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logical variety and those that survived from the preceding year, and also the fact that the new physiological varieties would diminish year by year. He finds the result of a rigidly accurate calculation to be, that it will take six years instead of three for additions to the physiological variety to cease, as shown in the following table :Year 1 Normal yariety 90,000 Physiological variety 10,000 88,902

11,098 88,620

11,380 88,542

11,458 88,518

11,482 1 , 88,511 In all subsequent years the proportion of the two varieties will remain unchanged.

In the preceding discussion we have given the theory the advantage of the large proportion of 10 per cent of this very exceptional variety arising in its midst year by year, and we have seen that, even under these favourable conditions, it is unable to increase its numbers much above its starting-point, and that it remains wholly dependent on the continued renewal of the variety for its existence beyond a few years. If it is proposed to get over the difficulty by postulating a larger percentage of the variety annually arising within the species, we shall not affect the law of decrease until we approach equality in the numbers of the two varieties. But with any such increase of the physiological variety the species itself would suffer by the large proportion of sterile unions, and would be at a disadvantage in competition with other species which were fertile throughout. Thus, natural selection will tend to destroy any species having a tendency to sterility among its own members, and will therefore prevent such sterility from becoming the general characteristic of a varying species, which this theory requires.

On the whole, then, it appears clear that no form of infertility or sterility between the individuals of a species, can be increased by natural selection unless correlated with some useful variation, while all infertility not so correlated has a constant tendency to effect its own elimination. But the opposite property, fertility, is of vital importance to every species, and gives the offspring of the individuals which possess it, in consequence of their superior numbers, a greater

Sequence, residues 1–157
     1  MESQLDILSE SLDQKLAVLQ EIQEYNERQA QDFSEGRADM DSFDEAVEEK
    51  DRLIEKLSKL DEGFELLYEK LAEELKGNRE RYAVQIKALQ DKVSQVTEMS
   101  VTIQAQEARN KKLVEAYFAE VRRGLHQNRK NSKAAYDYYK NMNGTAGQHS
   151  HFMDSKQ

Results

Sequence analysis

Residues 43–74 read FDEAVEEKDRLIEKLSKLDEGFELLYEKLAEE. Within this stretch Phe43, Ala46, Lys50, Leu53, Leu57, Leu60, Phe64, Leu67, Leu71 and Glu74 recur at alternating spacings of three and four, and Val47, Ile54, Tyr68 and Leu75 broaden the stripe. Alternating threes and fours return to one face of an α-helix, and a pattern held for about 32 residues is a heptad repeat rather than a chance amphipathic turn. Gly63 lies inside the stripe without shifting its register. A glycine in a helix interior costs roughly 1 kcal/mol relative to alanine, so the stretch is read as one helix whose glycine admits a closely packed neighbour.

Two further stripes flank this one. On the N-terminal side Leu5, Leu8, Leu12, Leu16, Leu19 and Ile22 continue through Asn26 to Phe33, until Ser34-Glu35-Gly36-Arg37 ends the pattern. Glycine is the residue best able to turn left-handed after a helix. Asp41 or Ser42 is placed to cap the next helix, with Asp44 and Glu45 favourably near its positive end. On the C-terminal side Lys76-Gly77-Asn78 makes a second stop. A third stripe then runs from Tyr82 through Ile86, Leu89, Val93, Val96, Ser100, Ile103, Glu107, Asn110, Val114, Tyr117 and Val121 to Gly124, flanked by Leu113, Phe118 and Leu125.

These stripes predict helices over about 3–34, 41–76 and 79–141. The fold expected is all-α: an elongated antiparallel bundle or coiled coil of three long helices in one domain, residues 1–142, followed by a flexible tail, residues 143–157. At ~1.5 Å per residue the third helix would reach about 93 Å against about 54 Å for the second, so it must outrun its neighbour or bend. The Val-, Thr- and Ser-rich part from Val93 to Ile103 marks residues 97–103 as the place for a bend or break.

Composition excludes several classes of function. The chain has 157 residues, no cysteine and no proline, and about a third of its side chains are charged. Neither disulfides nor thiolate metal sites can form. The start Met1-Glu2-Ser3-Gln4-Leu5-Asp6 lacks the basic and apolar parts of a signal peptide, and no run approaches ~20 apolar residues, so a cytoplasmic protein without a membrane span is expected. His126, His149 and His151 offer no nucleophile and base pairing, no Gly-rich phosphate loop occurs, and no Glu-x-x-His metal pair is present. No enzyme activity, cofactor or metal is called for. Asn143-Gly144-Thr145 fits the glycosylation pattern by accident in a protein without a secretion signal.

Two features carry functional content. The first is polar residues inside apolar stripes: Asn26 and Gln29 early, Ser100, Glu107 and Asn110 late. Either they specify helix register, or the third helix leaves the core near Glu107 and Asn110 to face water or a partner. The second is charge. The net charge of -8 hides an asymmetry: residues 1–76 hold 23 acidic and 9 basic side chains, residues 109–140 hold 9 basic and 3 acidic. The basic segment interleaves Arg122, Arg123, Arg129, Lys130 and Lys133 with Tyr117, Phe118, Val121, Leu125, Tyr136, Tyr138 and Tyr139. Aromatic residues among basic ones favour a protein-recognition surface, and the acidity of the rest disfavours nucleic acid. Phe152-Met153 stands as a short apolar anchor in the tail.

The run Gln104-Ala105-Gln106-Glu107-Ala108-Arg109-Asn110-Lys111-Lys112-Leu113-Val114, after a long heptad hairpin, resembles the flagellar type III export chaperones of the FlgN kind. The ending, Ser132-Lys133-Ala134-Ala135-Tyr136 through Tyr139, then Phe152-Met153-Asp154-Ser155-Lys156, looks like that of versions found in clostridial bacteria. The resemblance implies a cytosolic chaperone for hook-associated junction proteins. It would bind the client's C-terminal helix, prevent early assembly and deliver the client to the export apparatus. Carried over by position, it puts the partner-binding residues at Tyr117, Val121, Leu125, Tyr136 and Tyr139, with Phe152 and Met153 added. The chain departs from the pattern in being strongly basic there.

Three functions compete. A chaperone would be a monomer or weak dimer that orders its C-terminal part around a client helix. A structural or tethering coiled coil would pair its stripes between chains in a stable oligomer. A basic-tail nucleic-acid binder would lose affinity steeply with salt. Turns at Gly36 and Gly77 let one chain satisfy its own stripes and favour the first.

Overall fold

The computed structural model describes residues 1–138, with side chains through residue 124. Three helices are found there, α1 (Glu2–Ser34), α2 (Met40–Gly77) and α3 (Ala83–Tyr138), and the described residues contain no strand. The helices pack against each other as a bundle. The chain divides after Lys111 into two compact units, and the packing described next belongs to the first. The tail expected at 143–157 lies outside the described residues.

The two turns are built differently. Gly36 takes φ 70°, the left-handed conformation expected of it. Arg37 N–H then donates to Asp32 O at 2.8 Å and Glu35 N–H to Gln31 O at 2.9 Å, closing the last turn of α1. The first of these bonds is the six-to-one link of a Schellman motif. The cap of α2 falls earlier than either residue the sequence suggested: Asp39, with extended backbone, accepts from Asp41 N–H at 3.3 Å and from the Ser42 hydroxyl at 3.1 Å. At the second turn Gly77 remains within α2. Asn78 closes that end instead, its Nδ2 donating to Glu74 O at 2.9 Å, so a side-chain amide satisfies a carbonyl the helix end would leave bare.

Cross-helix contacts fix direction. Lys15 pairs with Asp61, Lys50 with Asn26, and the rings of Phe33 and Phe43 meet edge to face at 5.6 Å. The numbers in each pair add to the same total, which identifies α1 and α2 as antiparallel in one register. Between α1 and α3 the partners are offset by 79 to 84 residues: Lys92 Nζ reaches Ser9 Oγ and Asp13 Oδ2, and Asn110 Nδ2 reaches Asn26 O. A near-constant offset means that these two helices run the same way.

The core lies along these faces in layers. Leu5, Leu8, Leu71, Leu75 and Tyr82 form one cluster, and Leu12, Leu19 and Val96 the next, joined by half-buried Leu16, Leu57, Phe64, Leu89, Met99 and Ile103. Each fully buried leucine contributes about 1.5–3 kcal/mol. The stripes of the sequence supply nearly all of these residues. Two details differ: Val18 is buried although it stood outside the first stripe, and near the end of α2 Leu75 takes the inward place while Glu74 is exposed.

chance of survival in the battle of life. It is, therefore, directly under the control of natural selection, which acts both by the self-preservation of fertile and the self-destruction of infertile stocks—except always where correlated as above, when they become useful, and therefore subject to be increased by natural selection.

Summary and Concluding Remarks on Hybridity. The facts which are of the greatest importance to a comprehension of this very difficult subject are those which show the extreme susceptibility of the reproductive system both in plants and animals. We have seen how both these classes of organisms may be rendered infertile, by a change of conditions which does not affect their general health, by captivity, or by too close interbreeding. We have seen, also, that infertility is frequently correlated with a difference of colour, or with other characters; that it is not proportionate to divergence of structure; that it varies in reciprocal crosses between pairs of the same species ; while in the cases of dimorphic and trimorphic plants the different crosses between the same pair of individuals may be fertile or sterile at the same time. It appears as if fertility depended on such a delicate adjustment of the male and female elements to each other, that, unless constantly kept up by the preservation of the most fertile individuals, sterility is always liable to arise. This preservation always occurs within the limits of each species, both because fertility is of the highest importance to the continuance of the race, and also because sterility (and to a less extent infertility) is self-destructive as well as injurious to the species.

So long therefore as a species remains undivided, and in occupation of a continuous area, its fertility is kept up by natural selection ; but the moment it becomes separated, either by geographical or selective isolation, or by diversity of station or of habits, then, while each portion must be kept fertile inter se, there is nothing to prevent infertility arising between the two separated portions. As the two portions will necessarily exist under somewhat different conditions of life, and will usually have acquired some diversity of form and colour— both which circumstances we know to be either the cause of infertility or to be correlated with it,—the fact of some degree of infertility usually appearing between closely allied but locally or physiologically segregated species is exactly what we should expect.

The reason why varieties do not usually exhibit a similar amount of infertility is not difficult to explain. The popular conclusions on this matter have been drawn chiefly from what occurs among domestic animals, and we have seen that the very first essential to their becoming domesticated was that they should continue fertile under changed conditions of life. During the slow process of the formation of new varieties by conscious or unconscious selection, fertility has always been an essential character, and has thus been invariably preserved or increased; while there is some evidence to show that domestication itself tends to increase fertility.